It was another busy Wednesday in Berea with the introduction -- and re-introduction -- of the team's three coordinators under new head coach Kevin Stefanski.
Before delving into these topics on a deeper level, we're highlighting the five most notable storylines from what was said by special teams coordinator Mike Priefer, offensive coordinator Alex Van Pelt and defensive coordinator Joe Woods.
1. Van Pelt stresses importance of footwork
When it comes to developing and sharpening the skills of his quarterbacks, Van Pelt considers himself to be big on footwork. He shared the catch phrase he often relays to his quarterbacks during Wednesday's media session, which was heavy on discussion on how Van Pelt will look to get the best out of Baker Mayfield in 2020.
"I want the feet to be like Mozart," Van Pelt said, "not Metallica."
Van Pelt said he's already touched base with Mayfield multiple times throughout the offseason and is excited to work with a player he's thought highly of dating back to Mayfield's days at the University of Oklahoma. Though he acknowledges Mayfield had a disappointing second season, when he threw for 3,827 yards, 22 touchdowns and 21 interceptions, Van Pelt sees the necessary tools and traits of a successful NFL quarterback and, most importantly, fixable areas in his game.
"There are some fundamental things I have kind of targeted for him in the offseason, but that is more football techie talk and quarterback talk," Van Pelt said. "Decision making and the increase of interceptions will be something that will be a point of emphasis, making the right decisions, protecting the team and protecting the ball."
Van Pelt indulged reporters a bit on the "techie talk," focusing heavily on a potential adjustment to Mayfield's footwork.
"There are three different ways from the (shotgun formation) – you can [start] in a balanced stance, you can have your left foot up or your right foot up," Van Pelt said. "Right now, he has his right foot up. I think we are going to switch it to left foot up and see how he likes that. To me, that allows a quarterback to play with more rhythm. It is quarterback junky talk, but it is something I believe in."
2. Van Pelt excited by Browns' weapons
It took just two sentences before Van Pelt said the T-word in regards to the offense he inherits. He said it again in the next sentence.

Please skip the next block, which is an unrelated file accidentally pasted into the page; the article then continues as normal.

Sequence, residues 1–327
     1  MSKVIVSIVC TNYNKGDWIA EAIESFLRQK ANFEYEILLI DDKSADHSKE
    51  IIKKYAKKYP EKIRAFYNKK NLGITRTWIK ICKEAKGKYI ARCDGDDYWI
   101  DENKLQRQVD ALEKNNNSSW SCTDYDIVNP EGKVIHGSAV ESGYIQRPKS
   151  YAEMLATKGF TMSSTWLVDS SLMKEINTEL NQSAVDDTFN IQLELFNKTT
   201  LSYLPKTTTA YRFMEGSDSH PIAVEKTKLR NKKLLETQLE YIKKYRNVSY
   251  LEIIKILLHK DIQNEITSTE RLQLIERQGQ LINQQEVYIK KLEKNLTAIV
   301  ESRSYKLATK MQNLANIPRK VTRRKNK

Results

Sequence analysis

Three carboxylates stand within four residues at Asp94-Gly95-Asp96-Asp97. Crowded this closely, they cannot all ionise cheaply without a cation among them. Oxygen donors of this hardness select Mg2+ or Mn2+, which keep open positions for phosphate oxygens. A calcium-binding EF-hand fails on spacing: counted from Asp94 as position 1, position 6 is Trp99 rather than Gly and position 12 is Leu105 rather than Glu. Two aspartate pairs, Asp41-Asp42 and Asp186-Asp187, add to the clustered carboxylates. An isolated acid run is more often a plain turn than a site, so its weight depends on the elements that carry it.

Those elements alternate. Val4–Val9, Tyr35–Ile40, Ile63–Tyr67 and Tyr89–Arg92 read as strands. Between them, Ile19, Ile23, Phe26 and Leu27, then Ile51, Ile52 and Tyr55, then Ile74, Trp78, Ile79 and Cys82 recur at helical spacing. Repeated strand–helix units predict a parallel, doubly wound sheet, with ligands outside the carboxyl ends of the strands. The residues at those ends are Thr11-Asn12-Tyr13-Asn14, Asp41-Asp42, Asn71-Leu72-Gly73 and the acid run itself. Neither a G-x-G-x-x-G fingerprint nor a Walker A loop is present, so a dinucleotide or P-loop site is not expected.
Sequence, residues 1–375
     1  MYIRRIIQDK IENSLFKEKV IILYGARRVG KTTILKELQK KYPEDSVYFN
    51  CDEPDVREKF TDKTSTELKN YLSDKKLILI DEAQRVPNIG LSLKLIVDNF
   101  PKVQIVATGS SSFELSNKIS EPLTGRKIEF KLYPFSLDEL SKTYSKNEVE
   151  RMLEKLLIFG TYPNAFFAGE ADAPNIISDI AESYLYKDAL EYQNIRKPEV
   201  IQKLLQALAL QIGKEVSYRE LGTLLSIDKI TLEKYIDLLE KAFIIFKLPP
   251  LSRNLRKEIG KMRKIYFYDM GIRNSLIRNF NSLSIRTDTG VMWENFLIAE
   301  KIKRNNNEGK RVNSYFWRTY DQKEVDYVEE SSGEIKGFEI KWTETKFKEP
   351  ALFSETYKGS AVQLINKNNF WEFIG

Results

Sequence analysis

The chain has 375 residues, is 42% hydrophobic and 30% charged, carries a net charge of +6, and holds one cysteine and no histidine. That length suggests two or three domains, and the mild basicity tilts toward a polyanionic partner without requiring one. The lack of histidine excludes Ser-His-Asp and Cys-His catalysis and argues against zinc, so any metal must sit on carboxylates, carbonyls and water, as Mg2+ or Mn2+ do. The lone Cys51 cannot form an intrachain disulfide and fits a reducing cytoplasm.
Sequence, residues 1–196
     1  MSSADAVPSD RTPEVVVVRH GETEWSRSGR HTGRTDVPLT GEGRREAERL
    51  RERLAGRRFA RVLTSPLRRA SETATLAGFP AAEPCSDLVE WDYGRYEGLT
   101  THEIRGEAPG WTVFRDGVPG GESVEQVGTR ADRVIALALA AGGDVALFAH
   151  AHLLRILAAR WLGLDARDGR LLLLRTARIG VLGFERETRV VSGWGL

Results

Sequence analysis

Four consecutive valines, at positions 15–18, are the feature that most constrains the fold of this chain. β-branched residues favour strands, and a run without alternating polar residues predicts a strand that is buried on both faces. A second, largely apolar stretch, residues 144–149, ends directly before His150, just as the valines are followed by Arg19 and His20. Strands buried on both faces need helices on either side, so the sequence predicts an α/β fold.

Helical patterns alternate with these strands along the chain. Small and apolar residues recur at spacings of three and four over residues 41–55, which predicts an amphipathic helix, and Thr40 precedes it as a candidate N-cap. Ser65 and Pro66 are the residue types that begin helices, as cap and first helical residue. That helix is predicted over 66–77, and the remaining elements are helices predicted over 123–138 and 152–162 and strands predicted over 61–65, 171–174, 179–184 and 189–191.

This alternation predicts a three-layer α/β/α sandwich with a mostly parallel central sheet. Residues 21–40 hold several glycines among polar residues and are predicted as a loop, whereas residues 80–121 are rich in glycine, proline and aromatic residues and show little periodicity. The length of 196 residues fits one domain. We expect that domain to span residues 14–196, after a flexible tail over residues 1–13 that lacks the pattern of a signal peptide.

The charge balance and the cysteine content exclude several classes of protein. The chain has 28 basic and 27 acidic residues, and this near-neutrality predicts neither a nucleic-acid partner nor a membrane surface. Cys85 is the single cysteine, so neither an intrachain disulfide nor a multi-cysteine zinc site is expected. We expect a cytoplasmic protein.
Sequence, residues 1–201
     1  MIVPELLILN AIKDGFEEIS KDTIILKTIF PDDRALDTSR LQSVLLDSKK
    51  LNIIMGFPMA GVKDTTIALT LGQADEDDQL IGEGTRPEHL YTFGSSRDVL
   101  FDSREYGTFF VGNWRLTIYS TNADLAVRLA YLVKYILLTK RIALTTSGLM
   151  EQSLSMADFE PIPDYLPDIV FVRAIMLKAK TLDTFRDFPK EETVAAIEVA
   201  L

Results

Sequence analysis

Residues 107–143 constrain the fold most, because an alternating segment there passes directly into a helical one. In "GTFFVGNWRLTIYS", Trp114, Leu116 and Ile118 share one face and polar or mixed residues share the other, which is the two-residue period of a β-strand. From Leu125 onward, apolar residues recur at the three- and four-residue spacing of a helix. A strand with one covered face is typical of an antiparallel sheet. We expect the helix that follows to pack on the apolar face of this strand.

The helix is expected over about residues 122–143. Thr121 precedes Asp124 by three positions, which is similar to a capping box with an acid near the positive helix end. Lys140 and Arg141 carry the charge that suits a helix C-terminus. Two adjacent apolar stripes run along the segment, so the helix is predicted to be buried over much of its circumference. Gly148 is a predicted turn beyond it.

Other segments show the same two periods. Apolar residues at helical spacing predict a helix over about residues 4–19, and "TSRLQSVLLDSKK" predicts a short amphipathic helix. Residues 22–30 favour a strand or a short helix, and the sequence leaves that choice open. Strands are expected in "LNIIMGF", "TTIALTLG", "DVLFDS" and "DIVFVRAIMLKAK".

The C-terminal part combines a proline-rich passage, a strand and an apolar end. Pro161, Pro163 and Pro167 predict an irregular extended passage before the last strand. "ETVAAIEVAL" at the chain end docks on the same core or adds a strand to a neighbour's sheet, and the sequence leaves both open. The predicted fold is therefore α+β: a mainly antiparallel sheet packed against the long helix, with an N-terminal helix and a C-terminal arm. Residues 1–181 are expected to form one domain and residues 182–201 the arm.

"Obviously, having the opportunity to put an offense together with the group of guys was very intriguing. Another reason would be the talent that has been acquired here over the years," Van Pelt said. "Obviously, the group is extremely talented, especially on the offensive side of the ball. Having the chance to work with those guys was another part of that."
On top of his praise for Mayfield, Van Pelt was particularly complimentary of the team's two-headed monster at running back (Nick Chubb and Kareem Hunt) and wide receiver (Odell Beckham Jr. and Jarvis Landry).
Van Pelt looked back on his time with the Packers when discussing Cleveland's talented tandem at wide receiver.
"I think they are both talented players on the outside," Van Pelt said. "They both deserve to get the ball as much as possible. The beauty of having both of them is you can't tilt coverage one way or the other. I had a chance with Davante Adams and Jordy Nelson where when Davante came on board, it made Jordy a better player. I think having two guys that really make you play it straight defensively will help. As far as getting them the ball, that is our job as the offensive staff to scheme up ways to make them a top priority in the progressions."
Van Pelt said he was even more impressed with Chubb, who finished second in the NFL with 1,494 rushing yards, after watching film of his previous season. Pairing Hunt with Chubb could provide Cleveland with some "unbelievable matchups," Van Pelt said.